Let’s Nix The “Soft Skills” Label
Ask any coach and you’ll find that the phrase “soft skills” is towards the top of their pet peeve vocabulary list. It certainly is for me. The label is often so dismissive. It assumes the skills we describe as such aren’t difficult, that their impact isn’t measurable in the way “hard skills” are, or that they’re only a nice-to-have. I’ve heard all this and more when discussing such skills.
The reality is: most of the skills people label as “soft” are actually the ones many leaders struggle with the most. There isn’t one right way to lead a team or to be more strategic or to become a more empathetic listener. These are situational and individual in nature. They’re never done. Doing them well requires us to be adaptable and aware.
Contrast those to measurable “hard skills” such as writing software code, interpreting a Profit and Loss statement or doing data analysis. While these functions are challenging, they tend to be more defined. They can be checked off a list. They can even be delegated.
When I contrast things in this way, leaders almost immediately head-nod. Yes, the “soft” skills tend to challenge us more. Further, they can be learned and their impact can be measured. (Topics for another blog post.)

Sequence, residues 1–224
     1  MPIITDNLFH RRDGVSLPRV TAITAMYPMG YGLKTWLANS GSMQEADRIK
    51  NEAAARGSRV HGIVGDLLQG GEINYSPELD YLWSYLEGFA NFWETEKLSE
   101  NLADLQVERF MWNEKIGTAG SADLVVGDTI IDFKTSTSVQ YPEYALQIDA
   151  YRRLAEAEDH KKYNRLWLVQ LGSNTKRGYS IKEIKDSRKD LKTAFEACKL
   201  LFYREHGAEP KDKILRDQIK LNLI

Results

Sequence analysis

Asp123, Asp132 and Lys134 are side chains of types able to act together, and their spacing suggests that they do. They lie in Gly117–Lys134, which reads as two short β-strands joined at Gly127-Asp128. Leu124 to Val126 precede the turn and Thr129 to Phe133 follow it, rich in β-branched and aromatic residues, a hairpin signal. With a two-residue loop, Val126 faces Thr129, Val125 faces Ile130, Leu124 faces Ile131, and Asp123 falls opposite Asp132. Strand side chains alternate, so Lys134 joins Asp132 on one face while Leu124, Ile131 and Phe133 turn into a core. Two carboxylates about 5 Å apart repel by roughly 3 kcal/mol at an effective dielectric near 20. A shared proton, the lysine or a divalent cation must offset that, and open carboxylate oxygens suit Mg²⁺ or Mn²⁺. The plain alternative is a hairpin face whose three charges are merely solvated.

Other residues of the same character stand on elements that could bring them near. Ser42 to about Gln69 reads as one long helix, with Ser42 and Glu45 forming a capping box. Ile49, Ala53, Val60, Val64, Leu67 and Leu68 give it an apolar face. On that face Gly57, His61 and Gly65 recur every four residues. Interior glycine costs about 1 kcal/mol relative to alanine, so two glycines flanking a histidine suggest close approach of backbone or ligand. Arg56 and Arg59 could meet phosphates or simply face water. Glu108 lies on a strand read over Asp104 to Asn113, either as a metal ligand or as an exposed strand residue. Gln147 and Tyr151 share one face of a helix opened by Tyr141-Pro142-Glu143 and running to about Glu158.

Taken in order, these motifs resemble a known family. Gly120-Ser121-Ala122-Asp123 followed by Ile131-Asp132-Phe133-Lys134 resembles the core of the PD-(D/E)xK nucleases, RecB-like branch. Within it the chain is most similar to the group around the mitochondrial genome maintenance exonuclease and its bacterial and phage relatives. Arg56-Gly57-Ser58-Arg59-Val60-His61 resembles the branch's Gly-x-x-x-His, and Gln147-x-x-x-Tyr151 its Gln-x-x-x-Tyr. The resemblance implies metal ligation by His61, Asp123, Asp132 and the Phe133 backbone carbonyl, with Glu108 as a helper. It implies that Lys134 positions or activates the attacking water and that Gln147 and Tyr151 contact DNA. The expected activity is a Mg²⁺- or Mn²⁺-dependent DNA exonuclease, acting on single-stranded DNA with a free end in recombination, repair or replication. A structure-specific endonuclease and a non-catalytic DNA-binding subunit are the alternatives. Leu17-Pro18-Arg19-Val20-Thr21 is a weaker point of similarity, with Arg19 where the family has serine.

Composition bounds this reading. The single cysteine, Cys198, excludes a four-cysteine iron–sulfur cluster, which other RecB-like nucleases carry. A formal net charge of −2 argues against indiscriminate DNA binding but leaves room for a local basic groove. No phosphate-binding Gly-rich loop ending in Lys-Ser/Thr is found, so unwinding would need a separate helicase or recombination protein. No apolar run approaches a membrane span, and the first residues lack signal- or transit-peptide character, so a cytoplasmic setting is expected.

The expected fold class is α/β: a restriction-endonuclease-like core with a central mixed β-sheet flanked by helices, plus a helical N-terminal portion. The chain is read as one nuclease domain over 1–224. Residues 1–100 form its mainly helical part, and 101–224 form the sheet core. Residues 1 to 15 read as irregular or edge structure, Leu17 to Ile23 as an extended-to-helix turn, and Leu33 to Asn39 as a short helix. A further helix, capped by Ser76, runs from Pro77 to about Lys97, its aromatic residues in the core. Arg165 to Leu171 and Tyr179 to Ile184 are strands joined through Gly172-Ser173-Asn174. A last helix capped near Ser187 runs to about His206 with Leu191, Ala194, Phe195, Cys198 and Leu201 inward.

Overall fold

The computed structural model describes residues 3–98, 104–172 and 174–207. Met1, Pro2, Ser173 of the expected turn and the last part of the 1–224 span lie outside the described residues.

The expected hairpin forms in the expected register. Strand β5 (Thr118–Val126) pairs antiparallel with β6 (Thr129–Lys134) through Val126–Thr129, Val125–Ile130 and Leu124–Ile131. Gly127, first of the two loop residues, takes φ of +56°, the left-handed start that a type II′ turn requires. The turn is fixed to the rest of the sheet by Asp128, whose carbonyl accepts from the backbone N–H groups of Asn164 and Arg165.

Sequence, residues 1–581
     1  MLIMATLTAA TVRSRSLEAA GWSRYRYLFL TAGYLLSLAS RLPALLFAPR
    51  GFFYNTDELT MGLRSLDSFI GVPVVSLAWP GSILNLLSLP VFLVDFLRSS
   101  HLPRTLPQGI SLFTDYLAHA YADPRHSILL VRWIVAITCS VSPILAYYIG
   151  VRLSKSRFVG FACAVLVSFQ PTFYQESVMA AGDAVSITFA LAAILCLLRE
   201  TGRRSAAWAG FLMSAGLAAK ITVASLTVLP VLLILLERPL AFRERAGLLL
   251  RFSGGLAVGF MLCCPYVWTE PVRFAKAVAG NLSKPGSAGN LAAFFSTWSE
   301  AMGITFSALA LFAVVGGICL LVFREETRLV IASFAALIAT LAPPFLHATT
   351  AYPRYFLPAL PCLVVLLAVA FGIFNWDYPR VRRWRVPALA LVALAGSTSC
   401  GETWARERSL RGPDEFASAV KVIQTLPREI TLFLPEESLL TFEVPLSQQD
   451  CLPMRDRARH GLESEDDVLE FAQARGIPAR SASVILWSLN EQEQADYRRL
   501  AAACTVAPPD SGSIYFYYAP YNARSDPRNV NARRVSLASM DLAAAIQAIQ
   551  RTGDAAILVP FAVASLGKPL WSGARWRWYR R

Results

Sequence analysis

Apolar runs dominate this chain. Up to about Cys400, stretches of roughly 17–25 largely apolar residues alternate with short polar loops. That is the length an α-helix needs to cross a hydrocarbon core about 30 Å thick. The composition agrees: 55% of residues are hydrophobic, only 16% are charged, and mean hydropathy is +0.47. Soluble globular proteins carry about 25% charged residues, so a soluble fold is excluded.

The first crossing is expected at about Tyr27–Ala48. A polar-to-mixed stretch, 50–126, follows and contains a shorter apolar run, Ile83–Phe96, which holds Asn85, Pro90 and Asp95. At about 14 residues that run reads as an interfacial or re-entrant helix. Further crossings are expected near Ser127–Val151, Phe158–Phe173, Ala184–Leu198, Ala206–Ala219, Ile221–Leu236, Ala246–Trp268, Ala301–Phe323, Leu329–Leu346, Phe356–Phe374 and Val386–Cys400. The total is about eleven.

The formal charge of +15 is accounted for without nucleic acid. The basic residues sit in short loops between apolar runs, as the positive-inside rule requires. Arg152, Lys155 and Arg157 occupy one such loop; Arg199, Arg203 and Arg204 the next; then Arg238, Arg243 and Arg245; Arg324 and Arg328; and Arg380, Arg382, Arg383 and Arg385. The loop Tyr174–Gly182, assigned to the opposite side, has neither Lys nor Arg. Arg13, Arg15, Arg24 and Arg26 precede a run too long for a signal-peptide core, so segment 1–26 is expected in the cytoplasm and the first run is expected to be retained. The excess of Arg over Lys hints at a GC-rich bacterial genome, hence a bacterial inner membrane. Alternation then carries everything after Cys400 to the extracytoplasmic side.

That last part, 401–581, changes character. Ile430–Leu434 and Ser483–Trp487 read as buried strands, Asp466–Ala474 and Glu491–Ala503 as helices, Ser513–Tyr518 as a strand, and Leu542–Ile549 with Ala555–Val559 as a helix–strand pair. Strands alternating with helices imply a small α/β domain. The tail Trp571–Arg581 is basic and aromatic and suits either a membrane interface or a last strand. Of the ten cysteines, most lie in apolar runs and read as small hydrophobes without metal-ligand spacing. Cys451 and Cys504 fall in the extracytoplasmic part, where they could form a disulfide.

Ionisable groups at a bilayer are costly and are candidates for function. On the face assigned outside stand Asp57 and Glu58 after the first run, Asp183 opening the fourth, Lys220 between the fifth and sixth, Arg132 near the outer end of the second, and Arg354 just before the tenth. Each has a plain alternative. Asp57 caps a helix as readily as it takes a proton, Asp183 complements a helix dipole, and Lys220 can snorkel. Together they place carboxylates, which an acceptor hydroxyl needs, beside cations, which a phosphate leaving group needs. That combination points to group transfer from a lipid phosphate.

This is why I really appreciated this LinkedIn article published by Pat Riley: it contains “hard” data about the importance of “soft” skills. Mr. Riley is a Venture Capitalist and the blog shares various perspectives on working with startups. In doing so, he shares a study from Crunchbase on why startups fail. While the list certainly contains reasons such as cash-flow and product quality, check out the items below:
“Startups most often go out of business because:
- 23%: they don’t have the right team
- 13%: they lose focus
- 13%: there’s disharmony on their team
- 9%: they lose their passion
- 8%: they experience burnout
If you do the math, that’s a full 66% of startup failure due to “soft” issues.”
I’d love to put an end to the “soft” and “hard” labels. If we need to draw contrasts, how about creating some where both sides maintain equal prominence? Some possibilities:
- Human and Academic
- EQ and IQ
- Leadership and Management
- Motivational and Organizational
- Relational and Technical
What do you think?